California's Floating Holidays Rules
Many employers in California, as part of the paid time off benefits they provide to employees, offer a Floating Holiday. Like all paid time off granted to employees, Floating Holidays are a nice extra little gift used to promote morale and work-life balance.
Many employers will grant a Floating Holiday that is tied to a specific event, for example, the employee’s birthday. Other employers will just grant a day to the employees to be taken whenever the employee wants and for whatever reason they choose.
Like paid holidays and other paid time off, providing Floating Holidays is not a legal requirement. However, if your company decides to offer them, they must be fair and consistent in how they grant the time. For example, if you decide that full-time employees will receive 1 Floating Holiday every year, you must grant 1 Floating Holiday to all full-time employees every year.
Sounds simple, right? But in California, things are never as simple as they seem. Employers who wish to grant Floating Holidays need to be careful about how they decide to set up their Floating Holiday program so that it is clear how and when employees can use the Floating Holiday and if they need to pay out untaken Floating Holiday at the end of the employee’s employment.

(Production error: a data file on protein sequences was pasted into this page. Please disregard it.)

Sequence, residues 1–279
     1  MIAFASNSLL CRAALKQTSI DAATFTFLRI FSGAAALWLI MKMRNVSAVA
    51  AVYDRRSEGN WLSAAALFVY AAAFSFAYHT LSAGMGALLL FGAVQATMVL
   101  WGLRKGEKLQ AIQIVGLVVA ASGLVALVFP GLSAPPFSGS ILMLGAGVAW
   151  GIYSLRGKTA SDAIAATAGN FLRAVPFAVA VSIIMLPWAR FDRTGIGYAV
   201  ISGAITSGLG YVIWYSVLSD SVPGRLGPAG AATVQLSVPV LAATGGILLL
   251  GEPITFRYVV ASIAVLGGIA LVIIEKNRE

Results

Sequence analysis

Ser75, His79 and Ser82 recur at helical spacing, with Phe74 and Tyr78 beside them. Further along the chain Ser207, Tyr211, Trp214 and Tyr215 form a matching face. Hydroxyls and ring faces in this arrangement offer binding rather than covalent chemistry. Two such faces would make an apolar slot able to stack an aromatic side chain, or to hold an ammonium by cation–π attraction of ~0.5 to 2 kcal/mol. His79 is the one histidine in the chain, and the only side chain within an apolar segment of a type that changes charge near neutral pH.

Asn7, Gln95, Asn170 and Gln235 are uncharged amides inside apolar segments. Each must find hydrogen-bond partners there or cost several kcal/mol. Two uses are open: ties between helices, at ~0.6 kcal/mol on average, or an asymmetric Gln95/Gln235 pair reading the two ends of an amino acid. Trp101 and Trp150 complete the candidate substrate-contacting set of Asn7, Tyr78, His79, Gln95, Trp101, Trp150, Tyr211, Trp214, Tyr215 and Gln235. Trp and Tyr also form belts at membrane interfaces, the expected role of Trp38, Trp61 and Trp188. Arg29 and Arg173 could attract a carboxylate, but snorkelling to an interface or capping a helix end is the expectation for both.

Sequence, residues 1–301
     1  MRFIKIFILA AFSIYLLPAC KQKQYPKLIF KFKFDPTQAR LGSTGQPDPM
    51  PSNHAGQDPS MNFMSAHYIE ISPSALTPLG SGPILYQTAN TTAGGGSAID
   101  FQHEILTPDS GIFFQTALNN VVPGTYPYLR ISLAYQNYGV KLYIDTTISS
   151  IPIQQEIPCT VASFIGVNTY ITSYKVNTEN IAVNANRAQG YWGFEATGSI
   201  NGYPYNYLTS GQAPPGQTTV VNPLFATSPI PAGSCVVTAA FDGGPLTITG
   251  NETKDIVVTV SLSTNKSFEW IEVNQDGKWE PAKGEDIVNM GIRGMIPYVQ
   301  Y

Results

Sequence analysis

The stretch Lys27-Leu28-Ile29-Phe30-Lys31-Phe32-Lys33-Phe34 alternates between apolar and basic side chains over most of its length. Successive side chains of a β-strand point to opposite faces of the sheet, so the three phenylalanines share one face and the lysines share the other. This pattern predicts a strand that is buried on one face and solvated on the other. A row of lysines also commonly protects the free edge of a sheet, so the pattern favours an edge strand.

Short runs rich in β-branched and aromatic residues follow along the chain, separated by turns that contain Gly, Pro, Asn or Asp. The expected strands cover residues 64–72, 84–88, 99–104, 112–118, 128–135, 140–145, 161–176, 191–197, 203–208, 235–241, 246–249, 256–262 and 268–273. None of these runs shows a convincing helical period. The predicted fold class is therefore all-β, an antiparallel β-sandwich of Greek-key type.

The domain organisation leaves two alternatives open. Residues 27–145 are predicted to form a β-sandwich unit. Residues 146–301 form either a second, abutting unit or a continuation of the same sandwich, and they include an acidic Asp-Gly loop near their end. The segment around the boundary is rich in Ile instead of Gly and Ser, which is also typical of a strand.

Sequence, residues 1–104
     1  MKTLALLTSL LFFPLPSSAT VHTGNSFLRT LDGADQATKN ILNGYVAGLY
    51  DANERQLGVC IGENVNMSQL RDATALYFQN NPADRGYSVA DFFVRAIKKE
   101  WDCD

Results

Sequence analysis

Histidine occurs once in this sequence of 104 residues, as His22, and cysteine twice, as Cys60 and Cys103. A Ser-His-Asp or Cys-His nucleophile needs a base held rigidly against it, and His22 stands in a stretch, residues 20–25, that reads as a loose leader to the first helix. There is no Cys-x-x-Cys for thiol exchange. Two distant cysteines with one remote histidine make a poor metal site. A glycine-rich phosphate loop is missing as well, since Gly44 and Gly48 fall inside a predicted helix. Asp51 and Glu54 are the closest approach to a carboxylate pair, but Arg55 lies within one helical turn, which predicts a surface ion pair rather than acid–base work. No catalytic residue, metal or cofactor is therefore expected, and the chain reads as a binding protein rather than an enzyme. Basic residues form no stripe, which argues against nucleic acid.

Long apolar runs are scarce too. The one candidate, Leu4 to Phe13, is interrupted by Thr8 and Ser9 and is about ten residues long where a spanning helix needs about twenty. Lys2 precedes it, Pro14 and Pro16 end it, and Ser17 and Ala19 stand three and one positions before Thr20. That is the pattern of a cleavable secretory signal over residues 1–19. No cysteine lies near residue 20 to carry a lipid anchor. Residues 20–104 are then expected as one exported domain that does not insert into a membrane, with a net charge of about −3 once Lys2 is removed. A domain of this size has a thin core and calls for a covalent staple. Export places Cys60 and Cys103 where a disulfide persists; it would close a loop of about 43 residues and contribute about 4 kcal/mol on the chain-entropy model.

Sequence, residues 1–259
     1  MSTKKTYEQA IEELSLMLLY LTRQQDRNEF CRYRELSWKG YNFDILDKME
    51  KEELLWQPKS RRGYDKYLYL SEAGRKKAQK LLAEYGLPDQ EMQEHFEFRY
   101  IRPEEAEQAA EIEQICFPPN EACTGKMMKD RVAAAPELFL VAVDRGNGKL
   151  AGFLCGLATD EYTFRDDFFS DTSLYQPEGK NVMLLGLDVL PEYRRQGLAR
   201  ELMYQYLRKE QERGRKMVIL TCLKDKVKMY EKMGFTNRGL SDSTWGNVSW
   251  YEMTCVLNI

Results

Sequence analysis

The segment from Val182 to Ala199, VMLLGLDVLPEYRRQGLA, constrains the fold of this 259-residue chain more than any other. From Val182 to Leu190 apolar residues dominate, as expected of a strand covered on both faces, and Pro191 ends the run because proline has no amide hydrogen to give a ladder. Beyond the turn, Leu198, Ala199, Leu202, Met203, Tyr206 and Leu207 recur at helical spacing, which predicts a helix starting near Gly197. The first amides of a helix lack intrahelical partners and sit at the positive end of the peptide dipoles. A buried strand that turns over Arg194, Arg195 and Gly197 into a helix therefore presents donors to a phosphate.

There are two ways to set up a Floating Holiday program. The first is to treat the Floating Holiday as unrestricted. Employees can take a day off any time they chose, regardless of the occurrence of any other event. With this approach, courts are likely to treat floating holidays as simply vacation by another name. As such, any unused floating holiday must be paid out at the time of the employee’s termination, along with any other wages owed. Also, with this approach, you would not be able to have a “use it or lose it” provision. Instead, you can cap the Floating Holiday at, for example, 1 day so there is never more than 1 day's worth of liability.
The other approach is for the employer to tie floating holidays to the occurrence of a specific event. This approach requires that floating holidays be used on or near specific days (such as on or near the employee’s birthday). The right to take the day off does not arise until the occurrence of the event to which it is tethered; that is, if the employee is no longer employed upon reaching a birthday (in this example), the right to take the associated floating holiday never happens. In that case, the floating holiday would be treated like a regular paid holiday, which is not owed until the event (e.g., Thanksgiving, July 4th) occurs. Consequently, pay for the unused holiday pay would not due upon termination.
Employers should carefully create a written policy surrounding their granting and use of floating holiday. It’s important to have your policy clearly reflect when floating holidays may be taken and what happens if the floating holidays are not taken. If floating holidays can be taken at any time, then it is important to track the employee’s accrued and unused floating holidays. Those must be paid out at the time of termination.
Lauren Sims, the author this article is an eqHR Solutions Principal Human Resources Consultant.
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